Martin Luther

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by darlaggg
Last updated 5 years ago

Discipline:
Social Studies
Subject:
Historical biographies
Grade:
10

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 Martin Luther

Martin Luther wrote The Ninety-Five Theses, which protests against the clerical abuses, especially the sale of indulgences.

Martin Luther was a German Catholic priest, who was a significant figure in the Protestant Reformation.

He confronted indulgence salesmanJohann Tetzel, a Dominican friar, with his Ninety-Five Theses in 1517.

He thought that salvation and subsequently eternity in heaven is not earned by good deeds but is recieved only as a gift of God's grace through faith in Jesus Christ as redeemer from sin and subsequently eternity in hell.

Martin LutherBy: Darla Villaverde

Luther's writings circulated widely, reaching France, England, and Italy as early as 1519.

Martin Luther's translation of the Bible into the Vernacular (Instead of the Latin) made it more accessible, which had a tremendous impact on the church and on German culture.

Three of his best-known works were published in 1520: To the Christian Nobility of the German Nation, On the Babylonian Captivity of the Church, and On the Freedom of a Christian.

Martin Luther stated that he did not consider the Papacy part of the biblical Church because historical interpretation of Bible prophecy concluded that the Papacy was the Antichrist.

His rediscovery of "Christ and His salvation" was the first of two points that became the foundation for the Reformation.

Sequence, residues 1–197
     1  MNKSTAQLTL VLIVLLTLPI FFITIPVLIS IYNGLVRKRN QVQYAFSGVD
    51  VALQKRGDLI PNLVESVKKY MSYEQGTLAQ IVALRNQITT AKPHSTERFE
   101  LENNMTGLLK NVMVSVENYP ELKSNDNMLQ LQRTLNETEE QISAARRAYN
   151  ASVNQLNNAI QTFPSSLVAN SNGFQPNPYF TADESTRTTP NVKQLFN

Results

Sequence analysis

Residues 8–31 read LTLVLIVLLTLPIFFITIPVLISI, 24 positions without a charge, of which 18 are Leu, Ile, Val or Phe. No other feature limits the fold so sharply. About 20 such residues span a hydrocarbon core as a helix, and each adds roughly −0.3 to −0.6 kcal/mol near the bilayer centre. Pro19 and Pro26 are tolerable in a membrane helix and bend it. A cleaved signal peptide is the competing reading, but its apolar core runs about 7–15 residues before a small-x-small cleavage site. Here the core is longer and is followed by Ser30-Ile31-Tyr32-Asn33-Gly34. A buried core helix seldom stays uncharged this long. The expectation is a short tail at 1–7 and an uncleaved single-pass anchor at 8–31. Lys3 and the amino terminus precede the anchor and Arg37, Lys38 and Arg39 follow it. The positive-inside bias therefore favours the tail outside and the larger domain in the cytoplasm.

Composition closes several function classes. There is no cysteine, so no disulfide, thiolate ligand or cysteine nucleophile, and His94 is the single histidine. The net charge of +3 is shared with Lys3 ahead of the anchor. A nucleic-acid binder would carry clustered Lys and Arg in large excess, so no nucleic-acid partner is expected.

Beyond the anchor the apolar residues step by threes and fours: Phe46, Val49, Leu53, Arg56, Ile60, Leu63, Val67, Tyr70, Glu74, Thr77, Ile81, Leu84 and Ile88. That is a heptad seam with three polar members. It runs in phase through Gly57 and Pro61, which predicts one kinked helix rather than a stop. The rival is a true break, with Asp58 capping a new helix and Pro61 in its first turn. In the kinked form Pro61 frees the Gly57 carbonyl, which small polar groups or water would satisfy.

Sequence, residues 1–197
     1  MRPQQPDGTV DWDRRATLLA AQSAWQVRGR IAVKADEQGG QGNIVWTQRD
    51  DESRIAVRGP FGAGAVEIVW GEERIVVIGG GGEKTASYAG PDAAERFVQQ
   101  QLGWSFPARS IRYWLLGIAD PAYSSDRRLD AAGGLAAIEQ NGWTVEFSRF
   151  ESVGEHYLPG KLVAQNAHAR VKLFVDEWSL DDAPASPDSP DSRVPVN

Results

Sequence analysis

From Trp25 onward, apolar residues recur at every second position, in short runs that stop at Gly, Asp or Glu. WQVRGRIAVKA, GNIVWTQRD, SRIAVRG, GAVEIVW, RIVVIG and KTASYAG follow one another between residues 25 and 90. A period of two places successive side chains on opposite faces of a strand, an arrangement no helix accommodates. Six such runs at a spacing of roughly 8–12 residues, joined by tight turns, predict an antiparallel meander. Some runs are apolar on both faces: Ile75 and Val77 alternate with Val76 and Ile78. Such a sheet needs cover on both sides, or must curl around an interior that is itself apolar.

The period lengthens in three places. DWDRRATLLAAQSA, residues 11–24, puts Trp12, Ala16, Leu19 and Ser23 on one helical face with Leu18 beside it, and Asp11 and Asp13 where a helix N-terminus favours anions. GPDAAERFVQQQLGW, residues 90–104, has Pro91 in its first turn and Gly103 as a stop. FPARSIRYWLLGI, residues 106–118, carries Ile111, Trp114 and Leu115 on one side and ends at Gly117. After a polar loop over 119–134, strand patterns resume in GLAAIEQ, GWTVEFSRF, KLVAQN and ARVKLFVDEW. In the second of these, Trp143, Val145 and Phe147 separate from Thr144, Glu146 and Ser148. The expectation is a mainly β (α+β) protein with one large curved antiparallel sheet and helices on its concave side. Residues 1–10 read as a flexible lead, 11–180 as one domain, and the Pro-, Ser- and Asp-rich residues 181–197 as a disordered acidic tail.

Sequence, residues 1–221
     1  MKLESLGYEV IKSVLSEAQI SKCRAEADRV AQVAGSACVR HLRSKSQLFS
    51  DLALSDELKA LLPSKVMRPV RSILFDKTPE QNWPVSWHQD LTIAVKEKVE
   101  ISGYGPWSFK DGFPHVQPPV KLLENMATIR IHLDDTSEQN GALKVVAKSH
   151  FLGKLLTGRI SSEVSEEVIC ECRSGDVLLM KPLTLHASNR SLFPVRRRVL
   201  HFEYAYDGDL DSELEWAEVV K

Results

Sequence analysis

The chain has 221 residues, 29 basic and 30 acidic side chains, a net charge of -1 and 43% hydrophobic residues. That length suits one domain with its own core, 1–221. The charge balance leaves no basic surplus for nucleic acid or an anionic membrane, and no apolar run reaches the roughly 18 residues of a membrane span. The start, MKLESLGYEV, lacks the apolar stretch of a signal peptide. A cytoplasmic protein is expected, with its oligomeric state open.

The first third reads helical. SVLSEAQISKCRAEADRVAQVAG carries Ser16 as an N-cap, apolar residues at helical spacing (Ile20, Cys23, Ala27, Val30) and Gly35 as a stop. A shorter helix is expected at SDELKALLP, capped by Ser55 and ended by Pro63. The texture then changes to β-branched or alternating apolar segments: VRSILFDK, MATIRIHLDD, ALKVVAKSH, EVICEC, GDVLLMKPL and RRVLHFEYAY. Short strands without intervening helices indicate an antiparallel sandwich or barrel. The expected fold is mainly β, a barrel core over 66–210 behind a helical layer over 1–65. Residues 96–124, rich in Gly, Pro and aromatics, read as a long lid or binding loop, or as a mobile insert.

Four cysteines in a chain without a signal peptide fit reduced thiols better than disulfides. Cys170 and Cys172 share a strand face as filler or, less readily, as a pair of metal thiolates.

Martin Luther became convinced that the church was corrupt in its ways and had lost sight of what he saw as several of the central truths of Christianity.

Martin Luther 1483-1546

Martin Luther's refusal to retract all of his writings at the demand of Pope Leo X in 1520 and the Holy Roman Emperor Charles V at the Diet of Worms in 1521 resulted in his excommunication by the Pope and condemnation as an outlaw by the Emperor.

From 1510-1520, Martin Luther lectured on Psalms, the book of Hebrews, Romans, and Galatians. As he studied these portions of the Bible, he came to view the use of terms such as penance and righteousness by the Catholic Church in new ways.

From 1510-1520, Martin Luther lectured on the Psalms, the book of Hebrews, Romans, and Galatians. As he studied these portions of the Bible, he came to view the use of terms such as penance and righteousness by the Catholic Church in new ways.

Martin Luther's boldest assertion in the debate was that Matthew 16:18 do not confer on popes the exclusive right to interpret scripture, and that therefore neither popes nor church councils were infallible.

Pope Leo X's Bull against the errors of Martin Luther, 1521, commonly known as Exsurge Domine.

The Church where Luther nailed his Ninety-Five Theses to the doors of All Saints’ Church in Wittenberg on October 31, 1517

The sale of indulgences


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